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dc.coverage.spatialNueva Valencia, Guimarasen
dc.date.accessioned2020-11-12T07:38:21Z
dc.date.available2020-11-12T07:38:21Z
dc.date.issued2019-05-26
dc.identifier.citationWhale sharks visit Guimaras marine reserve. (2019, May 26). Panay News, pp. 1, 15.en
dc.identifier.urihttp://hdl.handle.net/20.500.12174/10114
dc.language.isoenen
dc.publisherPanay News, Inc.en
dc.subjectMarine fishen
dc.subjectFilter feedersen
dc.subjectthreatened speciesen
dc.subjectmarine parksen
dc.titleWhale sharks visit Guimaras marine reserveen
dc.typenewspaperArticleen
dc.citation.journalTitlePanay Newsen
dc.citation.spage1en
dc.citation.epage15en
local.seafdecaqd.controlnumberPN20190526_1en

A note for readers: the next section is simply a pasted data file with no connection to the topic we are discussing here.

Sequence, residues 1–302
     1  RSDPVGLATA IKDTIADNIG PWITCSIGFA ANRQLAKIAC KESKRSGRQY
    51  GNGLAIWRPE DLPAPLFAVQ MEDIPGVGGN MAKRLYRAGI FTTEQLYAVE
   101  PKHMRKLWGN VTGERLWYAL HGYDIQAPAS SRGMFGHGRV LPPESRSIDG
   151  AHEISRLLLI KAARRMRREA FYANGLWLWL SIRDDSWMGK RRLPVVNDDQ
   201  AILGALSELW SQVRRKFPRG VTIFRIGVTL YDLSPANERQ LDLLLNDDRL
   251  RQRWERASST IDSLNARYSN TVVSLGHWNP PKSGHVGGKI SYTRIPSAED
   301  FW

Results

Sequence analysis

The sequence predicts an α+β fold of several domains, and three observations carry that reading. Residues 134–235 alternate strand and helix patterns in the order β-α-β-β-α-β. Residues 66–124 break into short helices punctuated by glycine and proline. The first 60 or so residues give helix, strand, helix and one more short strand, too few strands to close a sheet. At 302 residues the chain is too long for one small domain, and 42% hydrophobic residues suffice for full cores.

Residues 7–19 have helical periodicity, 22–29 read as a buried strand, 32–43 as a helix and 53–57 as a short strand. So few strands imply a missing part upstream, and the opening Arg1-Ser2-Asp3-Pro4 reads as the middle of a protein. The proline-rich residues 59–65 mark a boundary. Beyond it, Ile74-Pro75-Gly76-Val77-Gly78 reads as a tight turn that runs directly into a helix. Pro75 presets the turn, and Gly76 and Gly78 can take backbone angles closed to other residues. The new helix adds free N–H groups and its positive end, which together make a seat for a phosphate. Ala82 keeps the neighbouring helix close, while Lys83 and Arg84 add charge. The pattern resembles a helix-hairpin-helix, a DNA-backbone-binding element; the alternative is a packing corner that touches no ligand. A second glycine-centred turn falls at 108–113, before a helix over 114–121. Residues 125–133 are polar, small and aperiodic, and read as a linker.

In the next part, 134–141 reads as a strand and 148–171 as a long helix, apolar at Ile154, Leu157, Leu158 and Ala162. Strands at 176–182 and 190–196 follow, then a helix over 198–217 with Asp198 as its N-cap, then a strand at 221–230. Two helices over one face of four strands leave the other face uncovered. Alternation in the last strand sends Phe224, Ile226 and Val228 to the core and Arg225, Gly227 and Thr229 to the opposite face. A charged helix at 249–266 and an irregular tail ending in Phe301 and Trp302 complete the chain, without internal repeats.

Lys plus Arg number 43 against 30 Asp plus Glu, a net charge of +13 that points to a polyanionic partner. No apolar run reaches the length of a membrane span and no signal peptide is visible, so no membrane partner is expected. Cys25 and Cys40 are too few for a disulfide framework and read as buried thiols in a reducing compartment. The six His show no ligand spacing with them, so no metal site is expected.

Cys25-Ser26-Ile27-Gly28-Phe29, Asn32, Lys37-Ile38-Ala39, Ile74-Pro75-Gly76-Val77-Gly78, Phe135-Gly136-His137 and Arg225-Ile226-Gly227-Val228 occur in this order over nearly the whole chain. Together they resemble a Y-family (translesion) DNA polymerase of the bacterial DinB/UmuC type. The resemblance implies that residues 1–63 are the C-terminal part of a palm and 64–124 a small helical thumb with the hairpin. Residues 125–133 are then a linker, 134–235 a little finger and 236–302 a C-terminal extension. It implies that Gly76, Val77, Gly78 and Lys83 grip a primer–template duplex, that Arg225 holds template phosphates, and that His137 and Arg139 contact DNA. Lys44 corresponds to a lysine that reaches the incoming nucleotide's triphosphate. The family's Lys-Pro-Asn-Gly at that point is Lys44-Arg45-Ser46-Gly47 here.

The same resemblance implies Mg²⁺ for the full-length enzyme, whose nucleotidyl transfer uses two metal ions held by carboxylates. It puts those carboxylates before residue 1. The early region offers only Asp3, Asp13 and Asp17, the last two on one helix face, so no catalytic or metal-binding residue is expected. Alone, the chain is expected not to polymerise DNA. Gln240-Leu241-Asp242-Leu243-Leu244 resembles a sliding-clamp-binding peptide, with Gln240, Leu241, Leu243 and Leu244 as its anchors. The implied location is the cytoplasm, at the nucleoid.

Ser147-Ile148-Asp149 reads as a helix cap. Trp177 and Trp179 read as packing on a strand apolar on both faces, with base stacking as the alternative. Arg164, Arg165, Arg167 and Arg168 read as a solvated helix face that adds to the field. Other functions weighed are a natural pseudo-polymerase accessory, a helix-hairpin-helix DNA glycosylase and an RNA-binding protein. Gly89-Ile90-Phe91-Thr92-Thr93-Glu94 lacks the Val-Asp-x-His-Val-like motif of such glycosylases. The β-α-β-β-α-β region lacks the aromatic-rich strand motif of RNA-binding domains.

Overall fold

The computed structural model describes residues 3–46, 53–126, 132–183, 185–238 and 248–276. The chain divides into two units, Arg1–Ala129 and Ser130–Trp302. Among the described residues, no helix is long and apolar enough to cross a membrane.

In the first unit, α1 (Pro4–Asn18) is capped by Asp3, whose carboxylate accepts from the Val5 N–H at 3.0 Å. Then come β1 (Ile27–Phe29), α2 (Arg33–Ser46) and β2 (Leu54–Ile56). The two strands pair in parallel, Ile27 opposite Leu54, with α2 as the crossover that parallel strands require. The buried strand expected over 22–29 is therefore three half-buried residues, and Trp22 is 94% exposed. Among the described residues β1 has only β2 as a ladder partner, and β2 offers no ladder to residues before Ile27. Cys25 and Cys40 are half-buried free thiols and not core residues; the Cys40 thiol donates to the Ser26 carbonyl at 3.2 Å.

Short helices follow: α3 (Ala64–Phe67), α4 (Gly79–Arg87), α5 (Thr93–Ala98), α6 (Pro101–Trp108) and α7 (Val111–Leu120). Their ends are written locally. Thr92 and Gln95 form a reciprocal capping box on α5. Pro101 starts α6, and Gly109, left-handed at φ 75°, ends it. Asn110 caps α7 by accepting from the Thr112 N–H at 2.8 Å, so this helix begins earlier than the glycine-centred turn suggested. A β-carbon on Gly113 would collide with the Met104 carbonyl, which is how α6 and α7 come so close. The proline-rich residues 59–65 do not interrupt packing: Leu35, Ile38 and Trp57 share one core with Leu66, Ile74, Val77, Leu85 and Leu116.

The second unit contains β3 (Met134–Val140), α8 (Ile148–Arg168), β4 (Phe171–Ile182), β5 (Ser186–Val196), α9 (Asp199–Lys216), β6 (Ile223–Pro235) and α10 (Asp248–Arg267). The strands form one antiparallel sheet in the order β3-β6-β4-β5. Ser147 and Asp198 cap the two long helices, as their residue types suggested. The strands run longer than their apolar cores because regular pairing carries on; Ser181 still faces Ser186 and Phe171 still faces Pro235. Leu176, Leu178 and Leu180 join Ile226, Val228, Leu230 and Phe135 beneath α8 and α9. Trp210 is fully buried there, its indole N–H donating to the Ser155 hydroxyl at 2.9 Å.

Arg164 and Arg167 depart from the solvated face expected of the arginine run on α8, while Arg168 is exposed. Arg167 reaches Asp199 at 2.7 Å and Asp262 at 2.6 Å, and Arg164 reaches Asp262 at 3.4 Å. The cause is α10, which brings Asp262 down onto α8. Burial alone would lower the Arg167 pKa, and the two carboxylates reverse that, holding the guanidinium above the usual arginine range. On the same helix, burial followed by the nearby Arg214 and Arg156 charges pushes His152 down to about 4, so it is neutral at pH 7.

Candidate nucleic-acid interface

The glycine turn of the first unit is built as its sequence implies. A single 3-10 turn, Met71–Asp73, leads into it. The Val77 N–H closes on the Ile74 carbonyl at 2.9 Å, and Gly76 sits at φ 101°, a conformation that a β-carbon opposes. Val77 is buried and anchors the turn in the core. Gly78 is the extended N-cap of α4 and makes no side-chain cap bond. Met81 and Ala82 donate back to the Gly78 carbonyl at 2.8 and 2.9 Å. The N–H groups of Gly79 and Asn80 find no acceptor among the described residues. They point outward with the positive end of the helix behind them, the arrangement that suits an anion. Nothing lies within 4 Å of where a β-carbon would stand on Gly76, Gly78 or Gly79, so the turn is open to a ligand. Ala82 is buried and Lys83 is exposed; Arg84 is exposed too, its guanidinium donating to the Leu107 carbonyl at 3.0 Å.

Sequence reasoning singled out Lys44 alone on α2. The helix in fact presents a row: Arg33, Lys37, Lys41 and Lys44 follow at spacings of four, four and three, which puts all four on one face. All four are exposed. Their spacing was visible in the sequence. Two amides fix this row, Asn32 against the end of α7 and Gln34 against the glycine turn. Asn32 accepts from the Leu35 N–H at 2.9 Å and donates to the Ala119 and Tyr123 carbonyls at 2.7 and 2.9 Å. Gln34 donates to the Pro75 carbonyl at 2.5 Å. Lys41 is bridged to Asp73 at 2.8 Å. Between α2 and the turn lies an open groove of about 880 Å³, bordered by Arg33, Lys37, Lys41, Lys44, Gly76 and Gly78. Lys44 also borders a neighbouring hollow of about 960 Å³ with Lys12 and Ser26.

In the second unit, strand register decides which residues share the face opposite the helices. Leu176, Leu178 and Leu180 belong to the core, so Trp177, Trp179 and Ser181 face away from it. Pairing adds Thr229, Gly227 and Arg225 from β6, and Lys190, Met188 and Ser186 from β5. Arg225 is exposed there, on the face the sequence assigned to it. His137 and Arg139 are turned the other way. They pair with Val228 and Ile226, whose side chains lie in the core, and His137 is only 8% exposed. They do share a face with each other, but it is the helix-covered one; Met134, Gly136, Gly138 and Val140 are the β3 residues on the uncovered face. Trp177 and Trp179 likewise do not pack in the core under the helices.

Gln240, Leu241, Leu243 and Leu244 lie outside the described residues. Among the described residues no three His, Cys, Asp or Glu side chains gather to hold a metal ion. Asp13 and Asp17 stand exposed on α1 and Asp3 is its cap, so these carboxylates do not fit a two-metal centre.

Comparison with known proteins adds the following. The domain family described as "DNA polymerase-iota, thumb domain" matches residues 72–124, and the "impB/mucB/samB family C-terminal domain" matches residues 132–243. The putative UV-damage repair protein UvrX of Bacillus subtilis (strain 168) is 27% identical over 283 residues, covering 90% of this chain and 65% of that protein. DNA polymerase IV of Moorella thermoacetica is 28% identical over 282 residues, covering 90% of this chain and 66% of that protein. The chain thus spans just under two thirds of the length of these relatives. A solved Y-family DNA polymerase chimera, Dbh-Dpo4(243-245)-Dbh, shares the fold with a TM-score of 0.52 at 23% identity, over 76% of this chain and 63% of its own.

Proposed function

local.seafdecaqd.extractWhale sharks have been sighted at the Taklong Island National Marine Reserve (TINMR) in Nueva Valencia, Guimaras. Locally known as butanding, whale shark (Rhincodon typus) is the largest living shark and largest living fish in the world reaching lengths of 40 feet or more and could weigh up to 60 tons. But in spite of its size, this giant does not harm humans or attacks its prey like most of its relatives.en
local.subject.personalNameDiana, Rhett Arthur
local.subject.personalNameBitala, RB Flores
local.subject.personalNameMilla, Francisco Jr.
local.subject.personalNameSardina, Vicente
local.subject.personalNameCimatu, Roy
local.subject.corporateNameDepartment of Environment and Natural Resources (DENR)-Region VIen
local.subject.corporateNameTaklong Island National Marine Reserve (TINMR)en
local.subject.corporateNameProvincial Environment and Natural Resources Office (PENRO)-Guimarasen
local.subject.corporateNameInternational Union for Conservation of Nature (IUCN)en
local.subject.scientificNameRhincodon typusen
dc.contributor.corporateauthorDepartment of Environment and Natural Resources (DENR)-Region VIen


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